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    And of course, you should be looking for a replacement job already! – thursdaysgeek May 13 at 23:10
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    Quitting without notice during an outage, putting your employer at a disadvantage where they need you, can leave you open to getting sued. Just because they say they will fire you, doesn't mean you don't have to comply with your employment contract. Sure, you may feel like a badass for a day or two, but you could be looking at ramifications down the track. – Gregory Currie May 14 at 3:34
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    @GregoryCurrie: You're not resigning. You are acknowledging the end of your employment contract, which happens at 20 minutes into an unresolved problem. And those are not terms you wrote, so they can't be held against you. – MSalters May 14 at 8:09
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    @GregoryCurrie If it's at-will employment in the U.S., either party can decide the relationship is over for any time for any reason. Contracted, full-time employment isn't uncommon here, but it's not the norm. – Blrfl May 14 at 8:46
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    Of course after 20 minutes OP should make sure whether or not he is still employed - all kinds of computer hacking laws could make it criminal to continue working on their computer system without authorisation after being fired. So after 20 minutes, get on the phone, call your manager, and ask if you are still employed. If it takes an hour to get them in the phone ( say in the middle of the night), so be it. – gnasher729 May 14 at 10:22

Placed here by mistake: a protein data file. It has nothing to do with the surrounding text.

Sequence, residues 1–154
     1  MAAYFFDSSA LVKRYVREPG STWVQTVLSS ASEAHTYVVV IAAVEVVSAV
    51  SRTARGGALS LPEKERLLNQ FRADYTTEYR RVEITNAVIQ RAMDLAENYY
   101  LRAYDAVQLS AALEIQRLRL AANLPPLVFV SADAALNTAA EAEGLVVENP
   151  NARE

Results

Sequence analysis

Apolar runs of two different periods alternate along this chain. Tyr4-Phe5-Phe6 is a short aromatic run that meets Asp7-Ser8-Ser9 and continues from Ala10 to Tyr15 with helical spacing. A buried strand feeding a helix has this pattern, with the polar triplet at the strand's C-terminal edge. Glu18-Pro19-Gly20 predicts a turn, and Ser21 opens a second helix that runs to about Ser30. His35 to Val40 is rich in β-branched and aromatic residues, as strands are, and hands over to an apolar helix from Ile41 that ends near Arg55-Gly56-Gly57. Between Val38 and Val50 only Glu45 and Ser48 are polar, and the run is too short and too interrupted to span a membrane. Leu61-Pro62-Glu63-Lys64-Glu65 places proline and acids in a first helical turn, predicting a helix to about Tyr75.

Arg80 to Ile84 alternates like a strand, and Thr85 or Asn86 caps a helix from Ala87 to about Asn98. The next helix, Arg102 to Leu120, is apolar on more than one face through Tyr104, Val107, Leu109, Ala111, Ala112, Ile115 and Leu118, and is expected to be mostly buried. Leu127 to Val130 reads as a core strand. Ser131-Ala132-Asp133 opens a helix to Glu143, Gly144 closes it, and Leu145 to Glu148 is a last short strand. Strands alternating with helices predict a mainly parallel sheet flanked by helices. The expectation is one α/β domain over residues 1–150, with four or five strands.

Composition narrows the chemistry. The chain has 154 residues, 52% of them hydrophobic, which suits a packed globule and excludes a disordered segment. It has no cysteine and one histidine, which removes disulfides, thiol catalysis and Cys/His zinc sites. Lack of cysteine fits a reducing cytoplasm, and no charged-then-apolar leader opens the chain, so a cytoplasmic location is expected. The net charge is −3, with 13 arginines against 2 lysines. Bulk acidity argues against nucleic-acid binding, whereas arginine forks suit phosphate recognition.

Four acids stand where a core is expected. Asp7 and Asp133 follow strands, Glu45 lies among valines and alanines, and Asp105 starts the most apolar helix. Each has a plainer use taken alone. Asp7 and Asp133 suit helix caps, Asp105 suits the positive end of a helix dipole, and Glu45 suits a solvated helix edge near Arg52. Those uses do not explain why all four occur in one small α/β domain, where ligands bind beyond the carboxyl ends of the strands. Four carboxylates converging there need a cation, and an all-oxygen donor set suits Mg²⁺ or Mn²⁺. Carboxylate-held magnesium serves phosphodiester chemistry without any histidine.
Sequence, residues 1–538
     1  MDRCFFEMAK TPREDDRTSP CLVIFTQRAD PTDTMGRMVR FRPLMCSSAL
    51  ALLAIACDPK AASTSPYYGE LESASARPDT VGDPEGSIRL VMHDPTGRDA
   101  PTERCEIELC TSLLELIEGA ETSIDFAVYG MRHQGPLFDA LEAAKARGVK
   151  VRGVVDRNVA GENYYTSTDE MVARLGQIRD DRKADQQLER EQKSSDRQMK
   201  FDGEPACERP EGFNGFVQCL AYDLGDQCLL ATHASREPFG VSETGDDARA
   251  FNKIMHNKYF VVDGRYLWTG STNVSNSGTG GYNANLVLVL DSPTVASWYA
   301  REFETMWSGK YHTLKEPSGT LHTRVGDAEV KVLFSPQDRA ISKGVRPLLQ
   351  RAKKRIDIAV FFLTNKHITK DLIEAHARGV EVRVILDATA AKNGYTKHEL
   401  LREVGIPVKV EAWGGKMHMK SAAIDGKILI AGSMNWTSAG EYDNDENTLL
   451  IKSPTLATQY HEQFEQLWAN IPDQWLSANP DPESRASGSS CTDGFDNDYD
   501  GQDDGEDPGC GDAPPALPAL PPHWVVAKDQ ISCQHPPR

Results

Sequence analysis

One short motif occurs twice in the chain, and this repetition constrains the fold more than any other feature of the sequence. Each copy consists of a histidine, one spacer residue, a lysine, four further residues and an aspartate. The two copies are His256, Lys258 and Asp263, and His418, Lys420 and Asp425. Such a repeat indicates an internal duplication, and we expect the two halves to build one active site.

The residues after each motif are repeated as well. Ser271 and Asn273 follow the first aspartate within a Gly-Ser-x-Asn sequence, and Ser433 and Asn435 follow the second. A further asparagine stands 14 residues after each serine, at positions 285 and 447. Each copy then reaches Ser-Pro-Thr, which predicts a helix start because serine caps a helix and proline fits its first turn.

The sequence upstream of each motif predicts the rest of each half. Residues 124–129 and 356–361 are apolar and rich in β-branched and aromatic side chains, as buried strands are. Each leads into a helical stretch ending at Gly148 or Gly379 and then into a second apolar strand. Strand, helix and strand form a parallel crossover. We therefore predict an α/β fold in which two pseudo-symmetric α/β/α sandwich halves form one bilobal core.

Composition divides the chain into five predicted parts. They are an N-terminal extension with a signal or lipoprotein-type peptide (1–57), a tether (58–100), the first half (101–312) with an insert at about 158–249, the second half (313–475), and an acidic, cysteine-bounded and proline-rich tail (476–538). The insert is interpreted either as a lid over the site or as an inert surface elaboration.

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For the record, I am from Australia, but hopefully things are similar to where you are from. (Rather than prefix everything with "where I am from", I'm just going to state this up the top).

There are a few things I want to mention.

I am going to assume you are acting as an employee, NOT as a contractor, which would afford you significantly less rights, though in such a situation, the contract needs to be incredibly well worded.

I work in IT and was recently promoted to a higher position. While I was okay with the responsibilities outlined when I accepted the promotion last week

First of all, I would imagine that this new responsibility should have been outlined in your amended contract. You imply this was not the case.

today I learned it comes with 24/7/365 on-call to monitor mission critical systems. The first time I fail to fix it within 20 minutes, I will be fired. There is no rotation or anyone else looking out.

Ok, a few things there.